Delete. Gives the highlighted icon or icons a fast trip into the Recycle Bin. (The icon may not disappear until you close and reopen the window you were looking at.)
Undo. Takes back the last thing you did, such as clicking the Move To, Copy To, or Delete button.
Views. Opens a short menu listing the five basic ways a window can display its icon contents—as large icons, small icons, and so on. (You can also use the View menu on the menu bar for the same purpose.) For details on these views, see Section 4.2.
These are just the buttons that Microsoft proposes; you're free to add any of several other buttons to the toolbar, or get rid of ones you never use. To begin the customizing process, choose View→Toolbars→Customize to open the dialog box shown in Figure 4-10.
Figure 4-10. Select a button from the list at left; click Add to add it to the toolbar. Click Delete to remove a button from the list at right. To reorganize the toolbar, select a button and use the Move Up and Move Down buttons. You can also add separators to creates groups of buttons in the same toolbar. Any changes you make to this toolbar affect all windows.
Setting all folders to the same view or resetting all folders to their default views doesn't reset the Standard Buttons toolbar. To return a modified toolbar to its original state, you must open the dialog box shown in Figure 4-10 and click the Reset button.
The Address Bar toolbar (Figure 4-9) may look like the white strip at the top of your Web browser, where you type the URL (Web address) of a Web site you want to visit. But the Address Bar accepts more than Web addresses. After all, Web addresses are just locations of particular files on particular computers, so it's not much of a stretch to see how it lets you open any file on your machine or any files on your network (that you have permission to see) by typing its address here.
You can type any of the following information into the Address Bar text box:
A Web address. Skip the http:// part. Just type the body of the Web address, such as http://www.microsoft.com, in this box. When you click Go or press Enter, the actual web page you selected will appear in the window.
A search phrase. If you type some text into this strip that isn't obviously a Web address, Windows assumes that you're telling it, "Go onto the Internet and search for this phrase." From here, it works exactly as though you've used the Internet search feature described in Chapter 3.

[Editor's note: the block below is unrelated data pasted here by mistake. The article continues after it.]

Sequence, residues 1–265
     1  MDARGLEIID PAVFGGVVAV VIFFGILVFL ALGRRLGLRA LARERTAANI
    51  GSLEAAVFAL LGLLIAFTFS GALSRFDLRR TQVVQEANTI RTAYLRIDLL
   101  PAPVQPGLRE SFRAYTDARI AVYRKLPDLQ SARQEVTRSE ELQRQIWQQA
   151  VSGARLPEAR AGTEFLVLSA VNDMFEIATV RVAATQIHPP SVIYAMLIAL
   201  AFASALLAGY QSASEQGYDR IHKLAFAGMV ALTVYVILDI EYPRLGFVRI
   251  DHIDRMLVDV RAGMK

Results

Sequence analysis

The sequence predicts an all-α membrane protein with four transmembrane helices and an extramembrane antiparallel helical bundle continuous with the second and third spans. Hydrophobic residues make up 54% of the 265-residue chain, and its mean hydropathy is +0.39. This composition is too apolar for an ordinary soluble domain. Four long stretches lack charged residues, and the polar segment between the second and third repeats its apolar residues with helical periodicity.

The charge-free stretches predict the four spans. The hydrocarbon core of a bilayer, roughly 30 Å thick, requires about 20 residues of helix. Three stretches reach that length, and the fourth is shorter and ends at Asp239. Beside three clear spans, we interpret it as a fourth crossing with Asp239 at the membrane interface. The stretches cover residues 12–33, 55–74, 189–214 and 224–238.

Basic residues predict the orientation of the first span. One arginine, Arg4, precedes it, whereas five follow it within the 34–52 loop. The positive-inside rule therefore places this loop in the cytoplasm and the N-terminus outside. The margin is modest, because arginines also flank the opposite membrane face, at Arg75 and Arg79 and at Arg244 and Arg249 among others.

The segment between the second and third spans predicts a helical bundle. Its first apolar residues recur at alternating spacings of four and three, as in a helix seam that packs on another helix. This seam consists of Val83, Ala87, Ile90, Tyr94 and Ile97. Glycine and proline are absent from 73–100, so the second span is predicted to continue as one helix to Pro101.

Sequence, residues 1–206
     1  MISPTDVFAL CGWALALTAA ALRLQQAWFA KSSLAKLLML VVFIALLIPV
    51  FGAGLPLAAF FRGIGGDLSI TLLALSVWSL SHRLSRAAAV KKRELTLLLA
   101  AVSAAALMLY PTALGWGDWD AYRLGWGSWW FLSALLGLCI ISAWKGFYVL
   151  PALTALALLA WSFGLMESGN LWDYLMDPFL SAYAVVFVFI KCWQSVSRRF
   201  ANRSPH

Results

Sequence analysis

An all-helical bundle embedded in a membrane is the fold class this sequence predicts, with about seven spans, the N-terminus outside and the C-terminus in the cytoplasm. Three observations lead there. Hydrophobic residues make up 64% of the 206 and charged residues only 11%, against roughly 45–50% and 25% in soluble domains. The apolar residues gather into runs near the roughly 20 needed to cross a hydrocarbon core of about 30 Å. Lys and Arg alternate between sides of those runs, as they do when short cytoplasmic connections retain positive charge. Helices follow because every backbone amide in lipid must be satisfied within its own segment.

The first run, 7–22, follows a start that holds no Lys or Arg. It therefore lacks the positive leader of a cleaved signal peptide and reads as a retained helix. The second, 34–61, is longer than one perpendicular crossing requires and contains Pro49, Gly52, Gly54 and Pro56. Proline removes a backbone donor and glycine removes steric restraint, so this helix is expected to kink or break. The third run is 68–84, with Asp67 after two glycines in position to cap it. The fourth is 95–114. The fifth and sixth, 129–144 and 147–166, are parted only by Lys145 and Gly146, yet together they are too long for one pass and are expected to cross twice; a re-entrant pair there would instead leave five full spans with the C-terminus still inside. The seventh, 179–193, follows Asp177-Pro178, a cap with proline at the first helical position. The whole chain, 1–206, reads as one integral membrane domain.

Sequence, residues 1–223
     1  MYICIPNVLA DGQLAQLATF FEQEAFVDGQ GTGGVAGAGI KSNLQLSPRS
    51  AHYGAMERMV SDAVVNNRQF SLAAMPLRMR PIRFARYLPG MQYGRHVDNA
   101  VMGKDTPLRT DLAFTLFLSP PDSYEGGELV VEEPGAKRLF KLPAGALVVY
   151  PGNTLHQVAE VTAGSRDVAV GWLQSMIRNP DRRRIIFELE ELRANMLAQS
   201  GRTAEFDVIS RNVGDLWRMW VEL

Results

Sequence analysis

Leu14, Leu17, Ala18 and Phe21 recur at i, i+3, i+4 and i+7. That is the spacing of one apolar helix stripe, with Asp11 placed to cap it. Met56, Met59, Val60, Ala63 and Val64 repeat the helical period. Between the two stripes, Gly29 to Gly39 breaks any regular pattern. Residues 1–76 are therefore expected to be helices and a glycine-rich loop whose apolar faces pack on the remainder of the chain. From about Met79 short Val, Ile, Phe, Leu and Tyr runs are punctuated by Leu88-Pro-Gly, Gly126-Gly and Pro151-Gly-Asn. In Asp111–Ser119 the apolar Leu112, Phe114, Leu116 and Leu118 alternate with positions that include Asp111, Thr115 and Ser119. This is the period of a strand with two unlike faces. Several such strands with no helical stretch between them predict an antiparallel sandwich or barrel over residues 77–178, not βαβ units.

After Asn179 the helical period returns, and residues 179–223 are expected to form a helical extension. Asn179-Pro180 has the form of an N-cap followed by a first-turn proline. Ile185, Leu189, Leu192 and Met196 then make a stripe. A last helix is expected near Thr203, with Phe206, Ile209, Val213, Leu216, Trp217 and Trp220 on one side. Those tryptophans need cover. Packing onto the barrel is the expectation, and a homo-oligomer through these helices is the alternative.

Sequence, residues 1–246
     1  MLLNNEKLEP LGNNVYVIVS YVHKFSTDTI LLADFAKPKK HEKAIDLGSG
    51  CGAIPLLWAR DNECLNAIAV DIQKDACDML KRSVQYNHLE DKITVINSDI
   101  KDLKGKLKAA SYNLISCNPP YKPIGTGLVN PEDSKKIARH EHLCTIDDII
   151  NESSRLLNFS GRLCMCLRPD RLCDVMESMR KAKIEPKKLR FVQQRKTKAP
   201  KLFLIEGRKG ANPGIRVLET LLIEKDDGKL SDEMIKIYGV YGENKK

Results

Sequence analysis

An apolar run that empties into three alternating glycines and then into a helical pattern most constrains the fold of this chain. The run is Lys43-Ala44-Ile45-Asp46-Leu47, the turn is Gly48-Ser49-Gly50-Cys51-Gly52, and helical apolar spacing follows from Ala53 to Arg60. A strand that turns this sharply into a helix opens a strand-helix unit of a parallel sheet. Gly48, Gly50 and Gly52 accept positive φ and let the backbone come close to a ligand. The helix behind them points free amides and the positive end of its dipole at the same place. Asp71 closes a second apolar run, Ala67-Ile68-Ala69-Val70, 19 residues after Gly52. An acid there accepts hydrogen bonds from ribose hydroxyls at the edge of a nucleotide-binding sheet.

A folder name. You can also type one of several important folder names into this strip, such as My Computer, My Documents, My Network Places, My Pictures, and so on. When you click Go or press Enter, you open that folder window.
A program or path name. Type in the path to a folder or file on your own computer or on your network. For a file or folder on your own machine, you specify the drive letter and folder name. On the network, you'll need the UNC name (page 32 Section ), which looks something like \\server_name\foldername\subfolder.
In each case, as soon as you begin to type, a pop-up list of recently visited Web sites, files, or folders appears below the Address bar. Windows is trying to save you some typing. If you see what you're looking for, click it with the mouse, or press the down arrow key to highlight the one you want and then press Enter.
This toolbar offers buttons representing your favorite Web sites—the ones you the added to your Favorites→Links folder in Internet Explorer (see Section 11.3.2).
The Radio toolbar came into existence with Internet Explorer 5. It's an odd tool, but great fun, because it lets you use your Internet connection to listen to radio stations locally or internationally. (For starters, try Radio Pogoda, an oldies station in Warsaw. Radio Bleue from Tahiti has its weird charms, as well. To program the Radio toolbar, see Section 18.104.22.168. )
When you double-click a folder, Windows can react in one of two ways:
It can open a new window. Now you've got two windows on the screen, one overlapping the other. Moving or copying an icon from one into the other is a piece of cake, as shown in Figure 4-2. Trouble is, if your double-clicking craze continues much longer, your screen will eventually be overrun with windows, which you must now painstakingly close again.
It can replace the original window with a new one. This only-one-window-at-all-times behavior (the default) keeps your desktop from becoming crowded with windows. If you need to return to the previous window, the Back button takes you there. Of course, you'll have to use a different method to move or copy icons from one folder to another using this method, because you can't drag and drop.